Property market showing signs of awakening

Sturdee-ResidenceAlthough property prices have been falling, the show of interest from the buying public has never really waned, instead they are now simply more aware of their options and have become more selective in their investments.

Signs that the market lull might be broken soon have come from the positive take-up of units in 2 recent launches at The Visionaire Executive Condominium (EC) and The Sturdee Residences. 158 units were sold the 632-unit The Visionaire EC at a median price of $811 psf while prices averaged at $1,550 psf at the 305-unit The Sturdee Residences. Buyers at the private residential project have gone mainly for the smaller one- and two-bedders though 3 of its 8 penthouses have already found new owners. Two of the 1,830 sq ft penthouse units were sold at $3.2 million each.

Gem REsidencesThe Parc Life EC and private residential project Gem Residences will launch this weekend. Private condominium Stars of Kovan is expected to launch next month. The latter is a mixed-use development consisting of 390 residential units, 5 strata terraces and 46 shops. Prices are expected to range between $1,550 to $1,600 psf. E-applications for Parc Life have already exceeded the 660 units available and there is hope that uptake will be on the uptick at both these projects.

How deep is the property market well?

Property prices in Singapore have been falling since 2014, 10 consecutive quarters to be exact. In the first quarter of this year, HDB flat prices have stabilised at 0.1 per cent while private property prices have dipped 0.7 per cent. In 2015, HDB flat and private property prices fell an average of 0.4 and 0.9 per cent respectively.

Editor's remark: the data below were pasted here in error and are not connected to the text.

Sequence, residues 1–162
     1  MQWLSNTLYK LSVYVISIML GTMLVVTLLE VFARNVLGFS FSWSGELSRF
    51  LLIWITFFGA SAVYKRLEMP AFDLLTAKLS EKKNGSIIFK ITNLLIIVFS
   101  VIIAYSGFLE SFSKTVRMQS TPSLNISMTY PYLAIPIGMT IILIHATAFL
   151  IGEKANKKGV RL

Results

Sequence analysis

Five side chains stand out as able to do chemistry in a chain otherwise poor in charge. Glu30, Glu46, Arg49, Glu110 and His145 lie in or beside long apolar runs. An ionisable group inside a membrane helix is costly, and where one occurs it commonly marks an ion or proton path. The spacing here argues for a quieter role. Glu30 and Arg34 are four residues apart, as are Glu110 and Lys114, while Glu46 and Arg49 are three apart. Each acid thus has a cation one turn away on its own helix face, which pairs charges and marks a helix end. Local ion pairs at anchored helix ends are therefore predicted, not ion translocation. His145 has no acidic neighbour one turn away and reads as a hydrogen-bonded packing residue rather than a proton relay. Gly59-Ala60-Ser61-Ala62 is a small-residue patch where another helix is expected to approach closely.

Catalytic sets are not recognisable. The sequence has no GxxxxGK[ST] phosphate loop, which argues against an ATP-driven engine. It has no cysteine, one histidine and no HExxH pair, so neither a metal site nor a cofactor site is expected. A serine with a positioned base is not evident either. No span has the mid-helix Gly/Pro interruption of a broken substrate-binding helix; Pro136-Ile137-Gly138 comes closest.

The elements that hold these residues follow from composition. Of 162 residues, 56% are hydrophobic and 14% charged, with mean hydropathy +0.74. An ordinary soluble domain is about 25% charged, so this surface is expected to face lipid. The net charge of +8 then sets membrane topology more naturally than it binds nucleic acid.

Kingsford WaterbayPhoto: Kingsford Waterbay condominium 

HDB flat prices have begun to stabilise of late, though some property analysts are still expecting a further drop in the second half of the year as 25,000 new BTO flats reach completion this year. A good 30 per cent of these new-flat buyers are upgraders and home owners, not investors, which means they will be looking to sell their existing HDB flat in order to finance their new flat. This will bring a new slew of units into the resale HDB flat market. Though the demand for resale flats has not waned much, the rise in supply may put the ball in the buyers’ court.

 Photo: Clementi Gateway BTO flats

Similarly in the private property and EC (executive condominium) market, buyers will need to time their upgrading manoeuvre in order to manage cash flow, thus some may be in a rush to let go of their existing unit which could put further pressure on the market which will be seeing 21,906 new private condominium and 4,561 EC units enter its midst this year. How will the property sector perform in this crucial second quarter of 2016?

Foreign buyers favour luxury properties in Singapore